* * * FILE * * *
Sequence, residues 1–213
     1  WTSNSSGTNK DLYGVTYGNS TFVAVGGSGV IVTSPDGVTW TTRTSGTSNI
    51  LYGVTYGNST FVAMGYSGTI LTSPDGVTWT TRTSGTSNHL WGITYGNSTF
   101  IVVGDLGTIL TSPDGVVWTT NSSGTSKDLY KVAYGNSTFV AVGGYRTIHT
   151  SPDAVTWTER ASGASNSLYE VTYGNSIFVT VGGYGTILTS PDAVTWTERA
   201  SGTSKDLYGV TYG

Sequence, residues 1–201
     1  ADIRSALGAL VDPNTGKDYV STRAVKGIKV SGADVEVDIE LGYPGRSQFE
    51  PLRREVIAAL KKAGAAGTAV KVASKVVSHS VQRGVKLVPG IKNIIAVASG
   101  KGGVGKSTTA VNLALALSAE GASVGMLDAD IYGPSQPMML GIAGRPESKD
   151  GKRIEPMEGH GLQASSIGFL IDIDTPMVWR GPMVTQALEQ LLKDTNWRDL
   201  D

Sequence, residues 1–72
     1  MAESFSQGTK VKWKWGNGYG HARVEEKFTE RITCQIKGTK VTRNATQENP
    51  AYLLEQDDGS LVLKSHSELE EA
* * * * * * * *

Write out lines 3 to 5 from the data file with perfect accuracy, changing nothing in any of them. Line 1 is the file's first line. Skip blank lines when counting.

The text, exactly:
    51  LYGVTYGNST FVAMGYSGTI LTSPDGVTWT TRTSGTSNHL WGITYGNSTF
   101  IVVGDLGTIL TSPDGVVWTT NSSGTSKDLY KVAYGNSTFV AVGGYRTIHT
   151  SPDAVTWTER ASGASNSLYE VTYGNSIFVT VGGYGTILTS PDAVTWTERA